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Is Bullet-Chess Worthwhile?

  • #1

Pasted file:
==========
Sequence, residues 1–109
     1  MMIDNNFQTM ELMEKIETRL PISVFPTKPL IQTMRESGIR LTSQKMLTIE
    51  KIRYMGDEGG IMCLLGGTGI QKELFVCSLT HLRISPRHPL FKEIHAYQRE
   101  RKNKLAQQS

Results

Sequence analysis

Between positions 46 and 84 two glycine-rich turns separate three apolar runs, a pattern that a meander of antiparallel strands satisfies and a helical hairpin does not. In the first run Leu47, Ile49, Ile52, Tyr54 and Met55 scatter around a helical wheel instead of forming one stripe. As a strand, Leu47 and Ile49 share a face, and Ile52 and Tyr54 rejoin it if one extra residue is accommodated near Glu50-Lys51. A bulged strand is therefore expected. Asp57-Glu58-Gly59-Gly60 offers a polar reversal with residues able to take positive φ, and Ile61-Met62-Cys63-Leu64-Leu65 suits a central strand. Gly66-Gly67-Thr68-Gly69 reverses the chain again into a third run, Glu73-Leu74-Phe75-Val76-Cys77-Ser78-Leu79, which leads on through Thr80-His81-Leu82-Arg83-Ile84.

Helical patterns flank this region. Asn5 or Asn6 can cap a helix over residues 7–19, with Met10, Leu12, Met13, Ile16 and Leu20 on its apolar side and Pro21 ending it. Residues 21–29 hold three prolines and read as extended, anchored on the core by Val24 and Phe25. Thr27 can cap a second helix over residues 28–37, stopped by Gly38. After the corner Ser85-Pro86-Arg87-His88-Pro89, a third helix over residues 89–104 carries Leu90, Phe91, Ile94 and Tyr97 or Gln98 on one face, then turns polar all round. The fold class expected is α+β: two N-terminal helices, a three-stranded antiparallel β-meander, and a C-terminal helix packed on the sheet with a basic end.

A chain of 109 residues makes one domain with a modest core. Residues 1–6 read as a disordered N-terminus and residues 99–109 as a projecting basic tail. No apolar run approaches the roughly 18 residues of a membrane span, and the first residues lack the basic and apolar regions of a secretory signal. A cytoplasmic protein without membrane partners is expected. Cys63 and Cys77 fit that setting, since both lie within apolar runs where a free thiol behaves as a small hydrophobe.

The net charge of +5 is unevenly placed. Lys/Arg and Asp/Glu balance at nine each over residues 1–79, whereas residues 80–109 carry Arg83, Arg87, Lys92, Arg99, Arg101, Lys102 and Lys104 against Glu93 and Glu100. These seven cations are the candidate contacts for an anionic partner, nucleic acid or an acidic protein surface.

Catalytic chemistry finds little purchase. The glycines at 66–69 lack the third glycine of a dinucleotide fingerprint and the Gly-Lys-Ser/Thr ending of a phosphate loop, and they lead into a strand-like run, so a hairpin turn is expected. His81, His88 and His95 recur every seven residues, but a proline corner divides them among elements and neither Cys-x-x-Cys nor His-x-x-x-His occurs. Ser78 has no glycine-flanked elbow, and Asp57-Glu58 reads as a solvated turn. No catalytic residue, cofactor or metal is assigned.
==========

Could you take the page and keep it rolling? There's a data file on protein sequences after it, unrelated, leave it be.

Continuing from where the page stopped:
I remember reading somewhere that Pal Benko invented his Benko Gambit because he was such a notoriously slow player that even in easily won positions he lost virtually all his games on time-trouble . . . so by creating the Gambit, he was in effect sacrificing a pawn for 18-26 well-analyzed moves and allowing himself to do what he does best:  "play the endgame" instead of getting out-sprinted in (for him) unchartered middlegame positions. I have always thought that blitz chess was a very enjoyable but far lesser expression of chess.  The notion of bullet-chess being played at 60 sec./game makes me want to vomit.  Well, not literally, but seeing virtually every game decided by time vs. say 20% in blitz:  bullet seems like a very poor imitation of the Royal Game.  Do I exaggerate?  I once saw some guys, who all three looked like homeless dudes, playing bullet-chess in NYC for about an hour.  While the positions they generated were at times deucedly interesting, except for early checkmates or queen-droppings every game was played out to flag-fall.  It may have been fun, but even their grim trash-talk belied that.  The only value I could see was that if they were pros or very serious students, and got all their games video-taped then they might be able to learn from home analysis or being helped by a chess coach.  However, the sheer memorization of moves whether by Benko using his system or by someone playing bullet chess to win . . . all that seems like something very DEAD about chess.  I'd love to hear your comments!